Day Two: Maker’s Mark Behind the Mark Tour
I was overly excited about my visit to Maker’s Mark. I don’t know why. I suppose because it is my standard go-to bourbon. Also, they do marketing well; the red wax is iconic. And I like iconic things.
My over-excitement led me to do some actual research the night before visiting. Upon checking out the tour website, I discovered that they offer a standard tour as well as a specialized tour called Behind the Mark. The description of the tour used terms like ‘exclusive’ and ‘behind the scenes’ and, most importantly, ‘limited to 12 people or less’ and ‘all participants must be 21 or over’. After my large-grouped, child-filled experience at Buffalo Trace, that sounded worth the additional $26 (Behind the Mark is $35; a standard tour is only $9.) So I booked the last spot on the first tour the following day.
Things I Learned:
- The tasting portion of this tour really helped me understand flavor profiles better. Our guide did a good job of guiding us around our own tastebuds, helping us see where each sip hits the tongue. This sounds dirty. I assure you, it wasn’t.
- Apparently the third time really is a charm, because after seeing the distilling process at Makers–for the third time in two days–I really began to understand how it works.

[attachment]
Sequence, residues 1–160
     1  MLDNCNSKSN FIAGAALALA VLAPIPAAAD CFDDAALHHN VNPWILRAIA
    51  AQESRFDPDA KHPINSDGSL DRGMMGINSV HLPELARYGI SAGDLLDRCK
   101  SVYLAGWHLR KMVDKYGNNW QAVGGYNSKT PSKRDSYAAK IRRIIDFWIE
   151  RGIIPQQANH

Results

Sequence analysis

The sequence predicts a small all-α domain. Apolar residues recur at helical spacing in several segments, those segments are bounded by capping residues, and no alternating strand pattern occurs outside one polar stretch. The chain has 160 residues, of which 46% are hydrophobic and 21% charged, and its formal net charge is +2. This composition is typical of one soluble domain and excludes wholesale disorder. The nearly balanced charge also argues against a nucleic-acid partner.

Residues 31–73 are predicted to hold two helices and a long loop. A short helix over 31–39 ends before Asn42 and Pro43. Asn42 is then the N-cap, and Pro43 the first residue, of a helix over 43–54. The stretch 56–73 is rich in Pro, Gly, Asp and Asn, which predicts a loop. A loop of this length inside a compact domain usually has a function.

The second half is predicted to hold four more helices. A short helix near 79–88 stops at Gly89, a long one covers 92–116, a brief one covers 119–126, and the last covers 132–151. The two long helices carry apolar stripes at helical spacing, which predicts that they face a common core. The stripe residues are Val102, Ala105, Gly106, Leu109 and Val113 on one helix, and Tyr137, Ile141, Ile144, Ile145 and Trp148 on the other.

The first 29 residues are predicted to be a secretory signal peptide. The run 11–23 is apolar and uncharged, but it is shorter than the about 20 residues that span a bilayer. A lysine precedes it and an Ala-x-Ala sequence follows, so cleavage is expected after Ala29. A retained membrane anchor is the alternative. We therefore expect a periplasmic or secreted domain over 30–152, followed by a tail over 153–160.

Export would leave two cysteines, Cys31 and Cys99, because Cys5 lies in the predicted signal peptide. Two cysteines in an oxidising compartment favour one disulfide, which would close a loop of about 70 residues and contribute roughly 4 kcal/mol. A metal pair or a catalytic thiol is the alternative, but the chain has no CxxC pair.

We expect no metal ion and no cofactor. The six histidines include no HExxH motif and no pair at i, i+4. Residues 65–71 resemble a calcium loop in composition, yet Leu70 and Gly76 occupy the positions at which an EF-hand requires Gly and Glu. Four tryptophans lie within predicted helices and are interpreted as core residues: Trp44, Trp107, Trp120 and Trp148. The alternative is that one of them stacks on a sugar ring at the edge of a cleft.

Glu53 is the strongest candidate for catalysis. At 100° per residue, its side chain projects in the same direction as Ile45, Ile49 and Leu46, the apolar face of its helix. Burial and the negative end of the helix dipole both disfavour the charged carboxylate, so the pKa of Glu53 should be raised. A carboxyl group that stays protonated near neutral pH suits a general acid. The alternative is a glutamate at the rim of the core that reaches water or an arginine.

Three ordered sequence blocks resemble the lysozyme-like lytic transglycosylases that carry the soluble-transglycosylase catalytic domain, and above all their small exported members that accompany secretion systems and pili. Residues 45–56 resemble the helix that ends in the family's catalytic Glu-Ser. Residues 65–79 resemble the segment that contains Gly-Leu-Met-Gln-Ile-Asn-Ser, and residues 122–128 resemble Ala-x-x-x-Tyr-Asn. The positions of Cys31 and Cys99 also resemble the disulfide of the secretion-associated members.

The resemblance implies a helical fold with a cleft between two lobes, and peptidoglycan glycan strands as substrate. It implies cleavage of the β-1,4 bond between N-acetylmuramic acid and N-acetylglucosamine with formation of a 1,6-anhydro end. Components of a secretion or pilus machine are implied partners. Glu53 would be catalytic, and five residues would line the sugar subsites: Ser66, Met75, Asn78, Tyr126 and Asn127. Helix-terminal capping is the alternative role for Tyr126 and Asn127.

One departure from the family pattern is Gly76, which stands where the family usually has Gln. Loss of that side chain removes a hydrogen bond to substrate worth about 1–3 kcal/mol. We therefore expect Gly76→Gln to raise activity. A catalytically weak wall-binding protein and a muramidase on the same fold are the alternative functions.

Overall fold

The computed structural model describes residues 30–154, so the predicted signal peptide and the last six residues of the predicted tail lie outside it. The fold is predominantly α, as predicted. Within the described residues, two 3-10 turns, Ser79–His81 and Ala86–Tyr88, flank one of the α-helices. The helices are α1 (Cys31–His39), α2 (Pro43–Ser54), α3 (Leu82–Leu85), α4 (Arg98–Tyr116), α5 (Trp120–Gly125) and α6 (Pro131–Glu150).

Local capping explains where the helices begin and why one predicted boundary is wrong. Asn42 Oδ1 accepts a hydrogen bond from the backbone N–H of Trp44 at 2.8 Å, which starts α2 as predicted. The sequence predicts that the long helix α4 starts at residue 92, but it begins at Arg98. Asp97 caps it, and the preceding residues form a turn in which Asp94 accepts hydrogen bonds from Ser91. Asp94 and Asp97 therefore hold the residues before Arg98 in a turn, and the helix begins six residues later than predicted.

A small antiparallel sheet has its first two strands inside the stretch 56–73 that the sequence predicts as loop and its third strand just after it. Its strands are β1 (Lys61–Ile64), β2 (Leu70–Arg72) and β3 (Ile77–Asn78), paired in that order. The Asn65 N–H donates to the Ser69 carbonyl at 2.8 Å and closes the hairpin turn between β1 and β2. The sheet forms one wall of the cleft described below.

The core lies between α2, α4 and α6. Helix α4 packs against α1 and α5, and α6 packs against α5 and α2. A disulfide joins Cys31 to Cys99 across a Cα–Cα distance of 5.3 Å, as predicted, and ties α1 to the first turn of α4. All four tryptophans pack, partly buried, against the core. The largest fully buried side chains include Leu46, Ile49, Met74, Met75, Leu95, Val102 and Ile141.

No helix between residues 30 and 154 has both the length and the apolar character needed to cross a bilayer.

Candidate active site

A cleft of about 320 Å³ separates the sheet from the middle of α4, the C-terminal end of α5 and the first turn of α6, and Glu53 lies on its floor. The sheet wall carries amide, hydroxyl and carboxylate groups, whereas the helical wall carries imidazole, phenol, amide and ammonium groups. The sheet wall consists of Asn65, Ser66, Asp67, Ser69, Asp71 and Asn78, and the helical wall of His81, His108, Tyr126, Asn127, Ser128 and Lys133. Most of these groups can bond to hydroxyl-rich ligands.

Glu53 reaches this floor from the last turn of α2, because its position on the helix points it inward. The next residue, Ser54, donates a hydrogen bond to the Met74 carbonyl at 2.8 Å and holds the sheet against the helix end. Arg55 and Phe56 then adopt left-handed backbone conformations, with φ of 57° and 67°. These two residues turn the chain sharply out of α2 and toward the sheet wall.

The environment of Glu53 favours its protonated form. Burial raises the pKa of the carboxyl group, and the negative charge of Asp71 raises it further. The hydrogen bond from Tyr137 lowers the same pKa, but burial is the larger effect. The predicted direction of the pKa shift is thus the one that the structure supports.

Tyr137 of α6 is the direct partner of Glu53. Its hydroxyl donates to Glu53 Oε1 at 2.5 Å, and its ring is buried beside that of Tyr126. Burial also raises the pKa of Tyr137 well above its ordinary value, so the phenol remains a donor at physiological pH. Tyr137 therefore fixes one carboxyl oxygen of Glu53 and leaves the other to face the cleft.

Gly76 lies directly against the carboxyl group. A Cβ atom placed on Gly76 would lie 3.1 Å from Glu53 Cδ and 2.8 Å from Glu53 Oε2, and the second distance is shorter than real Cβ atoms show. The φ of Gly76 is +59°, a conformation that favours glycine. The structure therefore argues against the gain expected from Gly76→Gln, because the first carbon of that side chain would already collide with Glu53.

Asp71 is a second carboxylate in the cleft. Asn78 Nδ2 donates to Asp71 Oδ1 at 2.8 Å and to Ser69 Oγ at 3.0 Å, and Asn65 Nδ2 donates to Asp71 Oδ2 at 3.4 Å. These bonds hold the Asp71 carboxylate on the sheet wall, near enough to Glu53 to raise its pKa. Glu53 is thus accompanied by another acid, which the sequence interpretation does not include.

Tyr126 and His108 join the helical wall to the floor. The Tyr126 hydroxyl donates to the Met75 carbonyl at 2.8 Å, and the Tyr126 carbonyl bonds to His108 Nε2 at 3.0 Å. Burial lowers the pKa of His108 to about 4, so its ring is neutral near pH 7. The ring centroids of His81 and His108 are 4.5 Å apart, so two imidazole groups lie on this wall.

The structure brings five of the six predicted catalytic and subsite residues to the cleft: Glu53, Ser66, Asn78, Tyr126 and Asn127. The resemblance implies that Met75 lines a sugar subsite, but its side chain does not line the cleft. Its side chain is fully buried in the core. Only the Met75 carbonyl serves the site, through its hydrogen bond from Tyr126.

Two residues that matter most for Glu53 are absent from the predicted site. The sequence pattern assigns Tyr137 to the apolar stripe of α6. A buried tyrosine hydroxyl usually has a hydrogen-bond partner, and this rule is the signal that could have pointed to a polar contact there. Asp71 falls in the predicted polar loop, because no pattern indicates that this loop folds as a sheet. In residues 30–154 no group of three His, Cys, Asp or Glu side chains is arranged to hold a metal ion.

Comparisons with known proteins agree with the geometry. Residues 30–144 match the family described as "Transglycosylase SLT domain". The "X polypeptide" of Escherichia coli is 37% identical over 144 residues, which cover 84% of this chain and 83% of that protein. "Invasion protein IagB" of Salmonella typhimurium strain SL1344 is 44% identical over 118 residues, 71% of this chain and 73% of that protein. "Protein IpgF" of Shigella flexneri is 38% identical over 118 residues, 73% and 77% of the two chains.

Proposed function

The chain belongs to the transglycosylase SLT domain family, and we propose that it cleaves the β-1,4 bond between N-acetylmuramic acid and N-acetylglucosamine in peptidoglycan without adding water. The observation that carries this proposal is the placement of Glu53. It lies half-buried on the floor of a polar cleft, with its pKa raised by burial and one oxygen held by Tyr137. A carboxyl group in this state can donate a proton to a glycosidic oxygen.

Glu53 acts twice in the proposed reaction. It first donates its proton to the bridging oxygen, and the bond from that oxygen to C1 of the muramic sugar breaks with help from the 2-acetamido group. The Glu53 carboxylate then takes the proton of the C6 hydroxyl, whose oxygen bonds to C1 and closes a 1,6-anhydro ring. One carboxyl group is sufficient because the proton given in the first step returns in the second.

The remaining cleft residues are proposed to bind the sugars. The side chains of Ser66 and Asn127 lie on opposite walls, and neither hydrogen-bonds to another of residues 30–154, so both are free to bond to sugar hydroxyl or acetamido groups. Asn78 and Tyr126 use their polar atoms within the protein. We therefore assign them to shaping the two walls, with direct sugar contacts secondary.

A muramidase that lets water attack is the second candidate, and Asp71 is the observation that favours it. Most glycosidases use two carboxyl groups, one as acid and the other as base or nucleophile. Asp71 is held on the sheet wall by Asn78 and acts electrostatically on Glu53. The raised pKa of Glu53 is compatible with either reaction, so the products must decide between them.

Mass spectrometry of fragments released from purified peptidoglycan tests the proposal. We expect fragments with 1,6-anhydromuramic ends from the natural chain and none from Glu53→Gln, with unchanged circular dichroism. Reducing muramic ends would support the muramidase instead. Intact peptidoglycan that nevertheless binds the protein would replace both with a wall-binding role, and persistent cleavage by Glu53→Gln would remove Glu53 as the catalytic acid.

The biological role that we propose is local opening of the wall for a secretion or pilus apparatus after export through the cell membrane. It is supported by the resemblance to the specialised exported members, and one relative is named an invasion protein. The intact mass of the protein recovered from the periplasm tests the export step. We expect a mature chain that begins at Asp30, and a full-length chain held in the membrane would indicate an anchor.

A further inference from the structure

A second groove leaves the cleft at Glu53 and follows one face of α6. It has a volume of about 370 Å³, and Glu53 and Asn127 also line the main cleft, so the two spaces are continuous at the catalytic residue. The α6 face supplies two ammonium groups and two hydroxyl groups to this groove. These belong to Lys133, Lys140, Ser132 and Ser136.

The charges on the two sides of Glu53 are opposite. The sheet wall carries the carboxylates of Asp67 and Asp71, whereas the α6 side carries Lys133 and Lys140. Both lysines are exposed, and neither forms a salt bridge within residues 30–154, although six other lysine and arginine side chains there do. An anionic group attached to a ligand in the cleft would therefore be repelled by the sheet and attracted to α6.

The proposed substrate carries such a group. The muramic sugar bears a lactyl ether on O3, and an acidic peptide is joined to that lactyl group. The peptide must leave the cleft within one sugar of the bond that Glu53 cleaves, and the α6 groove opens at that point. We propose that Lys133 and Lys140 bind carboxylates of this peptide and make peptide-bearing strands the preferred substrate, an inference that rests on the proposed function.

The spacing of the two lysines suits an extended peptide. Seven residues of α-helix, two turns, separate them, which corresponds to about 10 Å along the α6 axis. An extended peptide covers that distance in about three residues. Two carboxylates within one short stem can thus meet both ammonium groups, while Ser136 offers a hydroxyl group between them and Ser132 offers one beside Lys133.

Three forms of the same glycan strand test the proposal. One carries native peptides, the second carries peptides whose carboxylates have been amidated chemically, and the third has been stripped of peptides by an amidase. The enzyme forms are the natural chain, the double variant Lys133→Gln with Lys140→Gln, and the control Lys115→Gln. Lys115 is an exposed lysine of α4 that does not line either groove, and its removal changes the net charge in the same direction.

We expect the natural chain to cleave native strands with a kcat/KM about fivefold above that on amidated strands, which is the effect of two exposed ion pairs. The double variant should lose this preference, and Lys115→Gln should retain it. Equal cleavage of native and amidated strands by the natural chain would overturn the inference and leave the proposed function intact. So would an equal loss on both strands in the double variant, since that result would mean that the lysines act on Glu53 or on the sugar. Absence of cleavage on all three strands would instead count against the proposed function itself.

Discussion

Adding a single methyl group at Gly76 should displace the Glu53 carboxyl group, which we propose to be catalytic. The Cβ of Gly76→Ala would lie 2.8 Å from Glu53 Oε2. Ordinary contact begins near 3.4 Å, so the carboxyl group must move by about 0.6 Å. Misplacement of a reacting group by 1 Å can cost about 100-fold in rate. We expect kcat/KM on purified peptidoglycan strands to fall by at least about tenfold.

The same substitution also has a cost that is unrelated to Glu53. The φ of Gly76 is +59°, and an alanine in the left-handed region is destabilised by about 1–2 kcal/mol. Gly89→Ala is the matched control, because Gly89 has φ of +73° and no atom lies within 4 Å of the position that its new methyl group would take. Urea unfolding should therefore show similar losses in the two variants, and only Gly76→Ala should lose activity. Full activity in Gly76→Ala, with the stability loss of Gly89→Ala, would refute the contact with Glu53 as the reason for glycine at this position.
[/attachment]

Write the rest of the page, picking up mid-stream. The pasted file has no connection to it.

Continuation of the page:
- It was here that I determined that I enjoy bourbons made predominantly with wheat as the flavoring grain–as opposed to rye. I then wondered if that made me a wussy bourbon drinker–like people who prefer malty beer to hoppy beer. (I’ve still not answered this question. Thoughts, anyone? Am I a bourbon wuss? I drink it neat. That’s gotta count for something, no?)
I was surprised by how much I liked the bottling line portion of the tour. It was a lot like being in Willie Wonka’s Chocolate factory. But, you know, for bourbon. Which in my world is better than candy.
Of course, the tasting was a highlight as well. We were able to taste every part of the bourbon making process, from the yeast starter to the un-aged white dog to a cask strength Makers 46 (which was very good.) Additionally, the tasting itself was unique, in that we didn’t just sample the finished products; we also tasted under-matured and over-matured examples of various finished products. It was a like a timeline tasting. I’ve never done anything like it. Which…uh…is saying a lot as I’ve kind of made it my job to participate in various alcohol-product tastings.
Because I have never done the standard tour, I can’t tell you how the Behind the Mark tour is any different. I can tell you that I really, really enjoyed the experience. I can also tell you that at times, I was able to observe other tours going on in the distance. They were huge. And featured many children. Based on that alone, I’d say the Behind the Mark tour is money well spent.
Day Two Stop Two: Barton
It is important to note that at the top of my notes for this visit, written whilst waiting for the Barton Distillery tour to begin on the sun-drenched, umbrella-table-strewn patio, I noted: I am getting tired of bourbon tours at this point. Which brings me to my next point: don’t try to do too many distilleries on one day. I did two per day for two days, and that was quite good for me. If you want to see them all, simply stay in Kentucky for a longer period of time. Maybe intersperse your trip with some horse tourism. However, reluctant as I was, the Barton tour still impressed me.
Things I Learned:
- A better understanding of how a still functions.
- How rickhouses–the big, block looking buildings which house the aging bourbon barrels–are built.